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What's the silky material showing up on azaleas and roses? And tips to help tomato growers.
Hang in there, cats and kittens, this heat wave should break by Monday. In the meantime, and during future heat waves, remember the following tips.
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WTOP's Garden Editor Mike McGrath has tips for what not to do when it's really hot.
Tags: Mike McGrath
Beneficial nematodes are the safe and effective grub control of choice.
Unless you plant the starter plugs densely, zoysia typically takes a couple seasons to fully establish, while Bermuda starts (or seed) planted in the Spring will fully cover the intended area edge to edge by the end of summer.
Oscar in Bethesda writes: "I have a plant outside that is currently covered with small black insects. Will they damage the plant? Could you please let me know what they are and how I should deal with them?"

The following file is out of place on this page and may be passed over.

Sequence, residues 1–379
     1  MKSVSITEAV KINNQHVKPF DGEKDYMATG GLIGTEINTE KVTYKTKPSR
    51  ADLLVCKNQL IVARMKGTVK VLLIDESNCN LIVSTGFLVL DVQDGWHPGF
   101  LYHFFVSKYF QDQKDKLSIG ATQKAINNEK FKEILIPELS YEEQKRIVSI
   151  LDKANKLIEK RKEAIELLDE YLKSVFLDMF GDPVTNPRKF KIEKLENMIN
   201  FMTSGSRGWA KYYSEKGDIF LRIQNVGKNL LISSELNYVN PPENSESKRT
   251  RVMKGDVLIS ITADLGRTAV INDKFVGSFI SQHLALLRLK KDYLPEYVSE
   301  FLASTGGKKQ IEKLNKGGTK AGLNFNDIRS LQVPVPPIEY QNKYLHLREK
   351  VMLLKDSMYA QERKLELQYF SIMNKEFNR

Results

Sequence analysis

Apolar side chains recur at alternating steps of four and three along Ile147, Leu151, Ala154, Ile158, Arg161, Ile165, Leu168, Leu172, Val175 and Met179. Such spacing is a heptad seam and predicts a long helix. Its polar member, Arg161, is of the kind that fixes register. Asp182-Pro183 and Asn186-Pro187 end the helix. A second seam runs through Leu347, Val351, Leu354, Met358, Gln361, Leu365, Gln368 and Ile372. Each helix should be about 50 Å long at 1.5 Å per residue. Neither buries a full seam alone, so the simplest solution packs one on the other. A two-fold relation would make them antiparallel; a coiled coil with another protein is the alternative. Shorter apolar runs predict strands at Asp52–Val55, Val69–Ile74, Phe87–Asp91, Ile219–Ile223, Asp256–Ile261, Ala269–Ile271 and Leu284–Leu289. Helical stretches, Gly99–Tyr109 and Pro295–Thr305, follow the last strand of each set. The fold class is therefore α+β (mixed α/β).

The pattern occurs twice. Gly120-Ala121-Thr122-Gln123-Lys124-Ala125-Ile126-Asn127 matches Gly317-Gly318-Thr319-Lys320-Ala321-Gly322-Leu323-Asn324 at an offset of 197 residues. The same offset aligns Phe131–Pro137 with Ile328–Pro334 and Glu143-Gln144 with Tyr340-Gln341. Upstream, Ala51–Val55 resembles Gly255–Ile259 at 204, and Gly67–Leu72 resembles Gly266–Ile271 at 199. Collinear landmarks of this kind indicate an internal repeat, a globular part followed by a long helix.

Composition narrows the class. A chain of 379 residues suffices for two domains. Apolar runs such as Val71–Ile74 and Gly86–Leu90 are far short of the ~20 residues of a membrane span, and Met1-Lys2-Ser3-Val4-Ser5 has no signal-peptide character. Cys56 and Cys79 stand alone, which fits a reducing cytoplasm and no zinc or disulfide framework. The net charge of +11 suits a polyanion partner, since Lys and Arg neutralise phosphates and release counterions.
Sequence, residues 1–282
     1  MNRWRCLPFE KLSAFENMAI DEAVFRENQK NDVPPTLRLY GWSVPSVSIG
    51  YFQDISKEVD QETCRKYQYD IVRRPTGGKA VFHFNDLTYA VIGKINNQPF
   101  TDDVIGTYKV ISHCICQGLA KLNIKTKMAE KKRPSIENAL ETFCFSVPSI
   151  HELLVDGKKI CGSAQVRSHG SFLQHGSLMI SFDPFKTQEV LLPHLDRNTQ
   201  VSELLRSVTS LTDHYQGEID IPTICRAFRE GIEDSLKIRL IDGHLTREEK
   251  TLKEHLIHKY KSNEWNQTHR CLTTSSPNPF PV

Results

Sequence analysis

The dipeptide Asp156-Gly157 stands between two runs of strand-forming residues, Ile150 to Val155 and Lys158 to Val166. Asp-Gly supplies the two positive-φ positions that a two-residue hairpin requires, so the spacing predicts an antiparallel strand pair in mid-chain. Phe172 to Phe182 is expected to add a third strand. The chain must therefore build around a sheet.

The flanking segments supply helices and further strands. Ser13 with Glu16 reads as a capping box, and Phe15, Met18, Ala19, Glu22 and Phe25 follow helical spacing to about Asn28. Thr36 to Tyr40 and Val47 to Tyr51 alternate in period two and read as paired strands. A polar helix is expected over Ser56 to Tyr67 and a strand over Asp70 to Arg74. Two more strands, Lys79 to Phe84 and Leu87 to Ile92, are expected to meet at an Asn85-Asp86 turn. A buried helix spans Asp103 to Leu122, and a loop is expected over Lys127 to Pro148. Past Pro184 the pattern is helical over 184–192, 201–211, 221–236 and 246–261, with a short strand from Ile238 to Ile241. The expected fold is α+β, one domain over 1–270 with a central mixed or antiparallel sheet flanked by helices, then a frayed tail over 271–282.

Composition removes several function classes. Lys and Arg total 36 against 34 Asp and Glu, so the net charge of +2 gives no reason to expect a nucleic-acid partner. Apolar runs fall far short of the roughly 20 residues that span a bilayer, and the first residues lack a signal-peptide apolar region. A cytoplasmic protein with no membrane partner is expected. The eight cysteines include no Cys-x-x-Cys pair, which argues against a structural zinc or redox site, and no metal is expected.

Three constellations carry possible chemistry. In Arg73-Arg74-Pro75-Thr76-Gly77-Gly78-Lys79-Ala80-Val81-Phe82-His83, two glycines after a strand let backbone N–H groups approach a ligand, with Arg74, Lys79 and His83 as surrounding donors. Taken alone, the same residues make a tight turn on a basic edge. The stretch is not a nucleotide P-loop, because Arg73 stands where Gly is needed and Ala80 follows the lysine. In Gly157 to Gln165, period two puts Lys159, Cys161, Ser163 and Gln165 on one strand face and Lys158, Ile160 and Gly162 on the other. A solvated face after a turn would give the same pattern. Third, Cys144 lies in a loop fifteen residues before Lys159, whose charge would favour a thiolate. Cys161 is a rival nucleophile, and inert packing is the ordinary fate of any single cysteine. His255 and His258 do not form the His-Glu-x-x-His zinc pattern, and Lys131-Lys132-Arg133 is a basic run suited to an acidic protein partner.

Moles make raised tunnels, especially in lawns, but they don't eat plants. Voles make small holes in the ground and eat lots of plants. And really big holes that plants "disappear down" could be a sign of groundhogs. Identifying the pest is job number one.
Tick Tubes are one of my favorite tick-prevention devices. They're cardboard tubes filled with cotton balls soaked in a pesticide called permethrin that's especially deadly to ticks.
Right now is the time to spread corn gluten meal on your lawn to prevent dormant weed seeds like crabgrass from sprouting as you give the turf a nice gentle spring feeding, Mike. But don't delay.
Happy peas for St. Pat's! That's right, peas. St. Patrick's Day isn't just for wearing green, it's also the unofficial kickoff to growing some delicious green-green peas.
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